Two days after severe cyclonic storm Hudhud battered the coast, the city of 18 lakh remained under darkness. Lack of water supply has hit them hard. There is no piped water supply of drinking water. The motor pumps installed in houses and apartments are not functioning as the power supply is yet to be restored.
Citizens complained that authorities have failed to supply water through tankers. Cashing in on the situation are greedy retailers, who are selling 20 liter water bottle for Rs.300.
Women holding their children were seen running around for milk. Many of them were standing in serpentine queues. At some places half-liter packet is being sold for Rs.50, twice its actual price.
With roads connecting the city to neighbouring districts yet to be cleared, milk and other essential commodities have not reached.
Mobile phones are not functioning in the city for third day as telecom services are yet to be restored. ATM machines are also not working.
Visakhapatnam, the biggest city in the state, still looks like a war zone with streets filled with felled trees, electricity poles, communication towers, wires, shattered pieces of glass and other debris.
National Disaster Response Force (NDRF) teams were busy clearing the roads. Officials said they were trying their best to restore electricity by Tuesday evening.
The cyclone which hit the coast near this city Sunday with heavy rains a gale speed of 185 kmph claimed 21 lives in three north coastal districts - Visakhapatnam, Srikakulam and Vijayanagaram.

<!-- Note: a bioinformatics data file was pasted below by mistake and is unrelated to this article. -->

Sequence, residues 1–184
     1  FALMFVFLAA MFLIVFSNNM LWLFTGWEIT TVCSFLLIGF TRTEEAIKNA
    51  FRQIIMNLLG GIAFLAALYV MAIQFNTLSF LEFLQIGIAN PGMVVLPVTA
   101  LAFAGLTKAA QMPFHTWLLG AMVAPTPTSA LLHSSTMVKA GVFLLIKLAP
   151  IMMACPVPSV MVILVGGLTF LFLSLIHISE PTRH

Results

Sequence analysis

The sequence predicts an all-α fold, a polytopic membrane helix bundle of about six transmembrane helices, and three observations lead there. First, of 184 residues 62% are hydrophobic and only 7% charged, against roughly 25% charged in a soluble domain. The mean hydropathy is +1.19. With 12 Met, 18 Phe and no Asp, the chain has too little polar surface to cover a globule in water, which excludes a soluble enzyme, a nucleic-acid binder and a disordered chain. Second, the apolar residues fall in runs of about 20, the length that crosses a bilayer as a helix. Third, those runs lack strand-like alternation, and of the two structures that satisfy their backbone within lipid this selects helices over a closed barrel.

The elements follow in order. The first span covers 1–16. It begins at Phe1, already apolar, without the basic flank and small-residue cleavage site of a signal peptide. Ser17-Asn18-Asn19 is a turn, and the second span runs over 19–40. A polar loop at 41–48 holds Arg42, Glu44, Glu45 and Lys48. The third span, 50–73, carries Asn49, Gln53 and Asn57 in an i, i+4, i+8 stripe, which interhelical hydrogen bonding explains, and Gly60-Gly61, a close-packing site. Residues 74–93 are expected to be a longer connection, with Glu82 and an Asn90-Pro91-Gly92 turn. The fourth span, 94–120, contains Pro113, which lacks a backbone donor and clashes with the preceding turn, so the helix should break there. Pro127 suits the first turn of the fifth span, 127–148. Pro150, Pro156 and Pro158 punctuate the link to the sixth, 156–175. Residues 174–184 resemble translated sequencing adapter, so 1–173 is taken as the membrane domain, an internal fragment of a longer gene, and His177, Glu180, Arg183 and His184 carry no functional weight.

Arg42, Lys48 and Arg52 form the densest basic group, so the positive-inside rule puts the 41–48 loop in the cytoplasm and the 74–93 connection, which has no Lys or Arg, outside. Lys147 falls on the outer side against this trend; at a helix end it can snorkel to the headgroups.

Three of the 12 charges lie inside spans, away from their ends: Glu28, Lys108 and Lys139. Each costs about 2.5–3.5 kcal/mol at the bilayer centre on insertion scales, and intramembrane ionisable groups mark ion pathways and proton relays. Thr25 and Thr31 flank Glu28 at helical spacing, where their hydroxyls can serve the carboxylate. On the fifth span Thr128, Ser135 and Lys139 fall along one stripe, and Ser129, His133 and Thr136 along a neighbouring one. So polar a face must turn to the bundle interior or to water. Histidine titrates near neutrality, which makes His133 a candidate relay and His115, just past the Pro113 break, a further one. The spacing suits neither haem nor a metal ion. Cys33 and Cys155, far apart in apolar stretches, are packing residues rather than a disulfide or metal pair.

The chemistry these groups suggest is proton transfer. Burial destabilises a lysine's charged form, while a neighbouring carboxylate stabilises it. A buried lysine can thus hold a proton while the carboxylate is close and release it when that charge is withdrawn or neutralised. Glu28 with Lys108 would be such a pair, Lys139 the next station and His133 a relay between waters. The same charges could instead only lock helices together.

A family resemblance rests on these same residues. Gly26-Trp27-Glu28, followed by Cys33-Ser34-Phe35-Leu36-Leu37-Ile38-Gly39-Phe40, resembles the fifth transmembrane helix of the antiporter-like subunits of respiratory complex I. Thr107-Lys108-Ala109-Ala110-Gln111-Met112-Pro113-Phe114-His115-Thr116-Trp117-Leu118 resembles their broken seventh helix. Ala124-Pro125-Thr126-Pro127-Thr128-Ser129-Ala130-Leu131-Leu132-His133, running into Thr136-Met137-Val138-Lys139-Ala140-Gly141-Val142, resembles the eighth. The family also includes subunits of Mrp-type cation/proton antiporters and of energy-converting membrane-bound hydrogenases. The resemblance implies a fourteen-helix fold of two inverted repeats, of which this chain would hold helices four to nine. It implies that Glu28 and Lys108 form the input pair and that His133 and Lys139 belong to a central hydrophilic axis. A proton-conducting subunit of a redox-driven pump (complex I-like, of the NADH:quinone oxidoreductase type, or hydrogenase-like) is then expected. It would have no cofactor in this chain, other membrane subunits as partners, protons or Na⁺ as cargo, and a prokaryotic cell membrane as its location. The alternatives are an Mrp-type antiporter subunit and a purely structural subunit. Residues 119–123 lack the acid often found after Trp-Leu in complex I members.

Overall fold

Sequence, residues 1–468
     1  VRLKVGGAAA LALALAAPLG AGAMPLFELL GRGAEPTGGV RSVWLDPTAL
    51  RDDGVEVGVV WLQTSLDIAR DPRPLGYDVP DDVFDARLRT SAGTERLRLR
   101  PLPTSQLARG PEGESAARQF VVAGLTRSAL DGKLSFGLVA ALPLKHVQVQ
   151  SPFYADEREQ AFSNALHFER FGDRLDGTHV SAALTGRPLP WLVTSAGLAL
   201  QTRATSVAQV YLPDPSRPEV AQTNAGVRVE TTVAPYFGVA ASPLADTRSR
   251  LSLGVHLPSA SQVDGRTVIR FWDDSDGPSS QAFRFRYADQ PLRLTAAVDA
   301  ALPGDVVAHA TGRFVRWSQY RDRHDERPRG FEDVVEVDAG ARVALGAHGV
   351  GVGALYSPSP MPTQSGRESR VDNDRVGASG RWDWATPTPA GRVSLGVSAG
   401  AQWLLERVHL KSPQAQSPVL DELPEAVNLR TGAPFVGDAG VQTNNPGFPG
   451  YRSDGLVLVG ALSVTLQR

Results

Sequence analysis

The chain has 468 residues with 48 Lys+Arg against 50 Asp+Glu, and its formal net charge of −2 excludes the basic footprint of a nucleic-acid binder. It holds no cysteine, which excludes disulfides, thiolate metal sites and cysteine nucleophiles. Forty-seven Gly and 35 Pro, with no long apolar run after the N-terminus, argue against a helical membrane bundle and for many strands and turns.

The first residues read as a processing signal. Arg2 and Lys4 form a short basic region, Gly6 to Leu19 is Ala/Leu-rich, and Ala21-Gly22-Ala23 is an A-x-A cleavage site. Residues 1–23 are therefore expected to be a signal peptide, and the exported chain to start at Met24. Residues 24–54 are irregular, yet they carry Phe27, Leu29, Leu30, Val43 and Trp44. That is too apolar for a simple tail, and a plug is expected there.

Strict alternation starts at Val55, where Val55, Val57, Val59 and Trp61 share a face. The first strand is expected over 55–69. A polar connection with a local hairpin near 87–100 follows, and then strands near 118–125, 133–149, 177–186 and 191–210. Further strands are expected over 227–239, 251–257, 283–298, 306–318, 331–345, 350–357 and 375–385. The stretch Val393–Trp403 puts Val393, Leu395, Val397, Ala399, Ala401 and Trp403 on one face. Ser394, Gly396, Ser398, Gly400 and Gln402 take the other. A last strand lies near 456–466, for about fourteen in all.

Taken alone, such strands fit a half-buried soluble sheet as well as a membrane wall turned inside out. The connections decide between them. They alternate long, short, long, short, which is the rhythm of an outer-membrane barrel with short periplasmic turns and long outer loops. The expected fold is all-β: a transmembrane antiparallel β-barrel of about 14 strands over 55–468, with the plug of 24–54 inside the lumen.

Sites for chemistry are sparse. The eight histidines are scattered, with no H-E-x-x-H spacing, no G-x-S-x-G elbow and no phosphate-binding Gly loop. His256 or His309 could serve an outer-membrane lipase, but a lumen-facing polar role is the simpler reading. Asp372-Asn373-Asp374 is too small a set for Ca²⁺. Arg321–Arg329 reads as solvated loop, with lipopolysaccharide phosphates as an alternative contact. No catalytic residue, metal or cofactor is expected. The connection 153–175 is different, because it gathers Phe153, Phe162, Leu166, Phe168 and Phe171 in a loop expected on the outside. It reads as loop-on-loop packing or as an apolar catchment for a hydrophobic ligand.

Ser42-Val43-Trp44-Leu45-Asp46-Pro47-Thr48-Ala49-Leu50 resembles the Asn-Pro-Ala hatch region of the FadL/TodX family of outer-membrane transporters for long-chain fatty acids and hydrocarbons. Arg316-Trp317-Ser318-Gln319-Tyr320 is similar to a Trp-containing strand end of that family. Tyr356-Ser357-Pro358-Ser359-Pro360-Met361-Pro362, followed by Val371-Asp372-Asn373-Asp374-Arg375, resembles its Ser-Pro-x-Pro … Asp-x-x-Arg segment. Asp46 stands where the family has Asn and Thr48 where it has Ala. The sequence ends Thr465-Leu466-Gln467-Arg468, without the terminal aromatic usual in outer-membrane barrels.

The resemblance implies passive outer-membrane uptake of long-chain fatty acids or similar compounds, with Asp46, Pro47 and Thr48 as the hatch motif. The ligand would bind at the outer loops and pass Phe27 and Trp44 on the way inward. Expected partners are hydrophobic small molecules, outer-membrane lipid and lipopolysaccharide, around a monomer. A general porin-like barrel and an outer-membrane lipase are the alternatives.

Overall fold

About 600,000 people have taken shelter in relief camps set up by authorities in the three districts and adjoining East Godavari. The natural disaster has damaged nearly 7,000 houses, destroyed electricity and communication networks and paralysed transport.
State-owned Road Transport Corporation (RTC) resumed services in some parts of the region. However, train services were affected for the third day while air services to and from Visakhapatnam are yet to be resumed.
In Srikakulam district, which also remained without electricity, few villages were marooned. Some low-lying areas in Srikakulam town were also inundated. However, the district authorities heaved a sigh of relief as water levels receded in Nagavali and Vamsadhara rivers.